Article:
Deconstructing of Forest and Woodland

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The definitions for the words “forest” and “woodland” are heterogeneous around the world and are circumscribed to each country´s structural stands in local eco-regions.
Countries as Argentina, Australia, Brazil, Chile, China, India, Japan, Mexico or US, with a great diversity of climates and soil conditions attributable to their large land extensions and altitude gradients (Borja-Jimenez et al. 2013), can be identified as territories with high variety of forests and woodlands.
The great diversity and diffuse thresholds among ecosystems difficult construction of criteria for their classification into inventories and application of management and conservation policies.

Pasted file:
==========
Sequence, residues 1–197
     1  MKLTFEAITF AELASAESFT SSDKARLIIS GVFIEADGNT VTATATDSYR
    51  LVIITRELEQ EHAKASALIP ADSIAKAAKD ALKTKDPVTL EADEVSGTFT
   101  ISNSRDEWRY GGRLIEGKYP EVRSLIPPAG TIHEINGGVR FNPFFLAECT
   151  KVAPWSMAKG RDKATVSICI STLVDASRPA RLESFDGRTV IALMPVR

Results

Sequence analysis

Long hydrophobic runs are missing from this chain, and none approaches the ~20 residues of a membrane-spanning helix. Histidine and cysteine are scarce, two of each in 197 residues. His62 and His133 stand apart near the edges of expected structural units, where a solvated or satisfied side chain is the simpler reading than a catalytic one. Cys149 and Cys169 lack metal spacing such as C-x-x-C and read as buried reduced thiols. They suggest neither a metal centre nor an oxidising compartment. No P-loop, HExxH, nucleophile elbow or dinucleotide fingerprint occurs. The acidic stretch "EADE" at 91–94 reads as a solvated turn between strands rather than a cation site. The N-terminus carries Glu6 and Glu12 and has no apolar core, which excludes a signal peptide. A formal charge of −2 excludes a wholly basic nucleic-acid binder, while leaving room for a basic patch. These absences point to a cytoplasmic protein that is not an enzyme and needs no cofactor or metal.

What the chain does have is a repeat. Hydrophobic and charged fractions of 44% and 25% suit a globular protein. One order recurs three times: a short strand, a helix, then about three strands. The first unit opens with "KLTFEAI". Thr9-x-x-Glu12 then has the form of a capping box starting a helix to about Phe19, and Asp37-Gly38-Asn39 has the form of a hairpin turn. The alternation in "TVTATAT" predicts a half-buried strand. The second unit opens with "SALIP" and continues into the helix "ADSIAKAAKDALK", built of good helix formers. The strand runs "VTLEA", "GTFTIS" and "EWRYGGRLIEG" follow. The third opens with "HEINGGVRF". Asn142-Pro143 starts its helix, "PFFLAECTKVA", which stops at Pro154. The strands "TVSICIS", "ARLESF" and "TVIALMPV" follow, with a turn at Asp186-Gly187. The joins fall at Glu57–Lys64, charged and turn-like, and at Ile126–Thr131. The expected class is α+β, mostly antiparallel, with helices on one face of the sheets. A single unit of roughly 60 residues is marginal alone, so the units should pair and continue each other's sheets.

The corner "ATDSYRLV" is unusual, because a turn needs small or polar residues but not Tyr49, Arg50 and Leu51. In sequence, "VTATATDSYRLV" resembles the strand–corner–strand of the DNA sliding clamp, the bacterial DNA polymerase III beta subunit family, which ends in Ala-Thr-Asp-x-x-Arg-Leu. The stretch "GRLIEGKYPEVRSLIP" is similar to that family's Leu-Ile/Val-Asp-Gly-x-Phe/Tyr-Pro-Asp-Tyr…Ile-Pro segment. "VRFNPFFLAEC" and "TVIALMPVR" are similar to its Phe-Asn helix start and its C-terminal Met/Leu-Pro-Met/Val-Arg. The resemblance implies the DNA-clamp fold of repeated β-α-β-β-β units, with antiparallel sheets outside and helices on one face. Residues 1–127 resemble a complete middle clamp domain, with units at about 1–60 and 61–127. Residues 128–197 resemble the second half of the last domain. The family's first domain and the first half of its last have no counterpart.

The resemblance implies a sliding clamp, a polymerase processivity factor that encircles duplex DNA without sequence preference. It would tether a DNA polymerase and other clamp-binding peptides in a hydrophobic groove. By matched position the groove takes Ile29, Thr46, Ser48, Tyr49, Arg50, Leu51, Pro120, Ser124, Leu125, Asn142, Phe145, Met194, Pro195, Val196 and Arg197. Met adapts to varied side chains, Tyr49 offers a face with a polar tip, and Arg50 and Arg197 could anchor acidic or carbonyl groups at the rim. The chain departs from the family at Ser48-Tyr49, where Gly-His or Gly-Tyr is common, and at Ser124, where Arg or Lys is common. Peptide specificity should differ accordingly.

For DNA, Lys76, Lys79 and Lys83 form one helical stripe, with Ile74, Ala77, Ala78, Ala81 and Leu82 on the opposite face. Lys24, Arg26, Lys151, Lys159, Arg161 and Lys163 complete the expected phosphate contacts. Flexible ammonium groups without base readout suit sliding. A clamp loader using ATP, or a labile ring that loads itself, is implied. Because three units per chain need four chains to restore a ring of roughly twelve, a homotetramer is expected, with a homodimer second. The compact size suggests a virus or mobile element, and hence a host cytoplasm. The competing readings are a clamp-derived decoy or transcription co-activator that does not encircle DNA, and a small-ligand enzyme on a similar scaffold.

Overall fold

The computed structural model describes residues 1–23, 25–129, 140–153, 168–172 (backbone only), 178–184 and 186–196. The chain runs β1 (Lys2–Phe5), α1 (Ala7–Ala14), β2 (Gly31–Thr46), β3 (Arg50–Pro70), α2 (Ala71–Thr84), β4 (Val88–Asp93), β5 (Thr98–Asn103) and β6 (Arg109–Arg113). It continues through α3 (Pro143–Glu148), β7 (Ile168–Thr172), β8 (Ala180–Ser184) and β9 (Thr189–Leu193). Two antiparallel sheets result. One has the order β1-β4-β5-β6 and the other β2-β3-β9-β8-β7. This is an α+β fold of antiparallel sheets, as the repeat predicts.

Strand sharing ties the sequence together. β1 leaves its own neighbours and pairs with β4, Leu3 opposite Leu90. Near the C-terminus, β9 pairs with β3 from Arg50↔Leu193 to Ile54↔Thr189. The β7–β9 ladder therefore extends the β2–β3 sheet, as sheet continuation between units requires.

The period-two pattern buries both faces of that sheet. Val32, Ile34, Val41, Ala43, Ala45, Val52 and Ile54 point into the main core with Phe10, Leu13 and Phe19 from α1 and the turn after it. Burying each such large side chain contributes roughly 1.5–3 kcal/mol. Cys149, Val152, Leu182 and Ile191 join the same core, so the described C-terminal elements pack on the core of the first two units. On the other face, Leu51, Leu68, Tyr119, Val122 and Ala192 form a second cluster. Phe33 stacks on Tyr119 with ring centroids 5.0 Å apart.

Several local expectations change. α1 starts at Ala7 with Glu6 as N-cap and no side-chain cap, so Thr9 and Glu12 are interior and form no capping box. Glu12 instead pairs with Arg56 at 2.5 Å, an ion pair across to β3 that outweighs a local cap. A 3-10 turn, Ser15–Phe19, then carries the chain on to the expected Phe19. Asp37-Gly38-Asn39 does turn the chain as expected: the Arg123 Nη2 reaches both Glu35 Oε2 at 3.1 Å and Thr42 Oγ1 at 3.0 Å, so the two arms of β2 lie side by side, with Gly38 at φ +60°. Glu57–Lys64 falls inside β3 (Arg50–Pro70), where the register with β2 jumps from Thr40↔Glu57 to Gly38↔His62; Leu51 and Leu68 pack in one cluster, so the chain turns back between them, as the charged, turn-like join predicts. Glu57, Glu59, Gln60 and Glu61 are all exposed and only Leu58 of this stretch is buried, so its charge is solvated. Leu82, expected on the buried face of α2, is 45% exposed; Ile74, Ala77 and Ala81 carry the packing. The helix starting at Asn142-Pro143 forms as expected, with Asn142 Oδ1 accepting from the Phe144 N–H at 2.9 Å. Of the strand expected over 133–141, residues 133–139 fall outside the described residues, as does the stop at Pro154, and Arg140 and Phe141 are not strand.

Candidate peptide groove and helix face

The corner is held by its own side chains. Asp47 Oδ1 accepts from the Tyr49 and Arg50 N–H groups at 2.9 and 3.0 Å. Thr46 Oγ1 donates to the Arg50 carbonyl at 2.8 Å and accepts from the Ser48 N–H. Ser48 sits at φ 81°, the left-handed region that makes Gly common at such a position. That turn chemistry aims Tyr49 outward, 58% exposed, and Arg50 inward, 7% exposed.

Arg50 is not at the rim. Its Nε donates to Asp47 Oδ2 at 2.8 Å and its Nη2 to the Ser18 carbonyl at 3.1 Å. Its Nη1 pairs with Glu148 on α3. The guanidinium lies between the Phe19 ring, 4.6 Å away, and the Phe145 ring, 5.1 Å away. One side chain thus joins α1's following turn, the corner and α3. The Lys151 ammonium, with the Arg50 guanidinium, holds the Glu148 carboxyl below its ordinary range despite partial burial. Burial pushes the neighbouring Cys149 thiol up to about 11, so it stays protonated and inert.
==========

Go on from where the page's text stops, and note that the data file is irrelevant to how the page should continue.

Box & Fujiwara (2013) differentiate forests from woodlands: forest is an ecosystem dominated by tall trees, in a closed structure (considered closed when tree crowns are touching) and woodland is an ecosystem dominated by tall or short trees with an open distribution.
The etymology of both words has different meanings according to the language. In Chinese, 森林 (sēnlín), the first character, sēn (also mori in Japanese) means “tree”, “forest”, “dark”, “gloomy”; the second character, lín, means “forest”, “grove”, “thicket”, “wood”. Differently, 林地 (líndì) means “wood” (first character) -“land” (second character). It also means “holt” that means “little forest”. The word bosque in Spanish derives from the German word busch meaning “bush”, “shrub”, “jungle”. Different from English, in Spanish the terms
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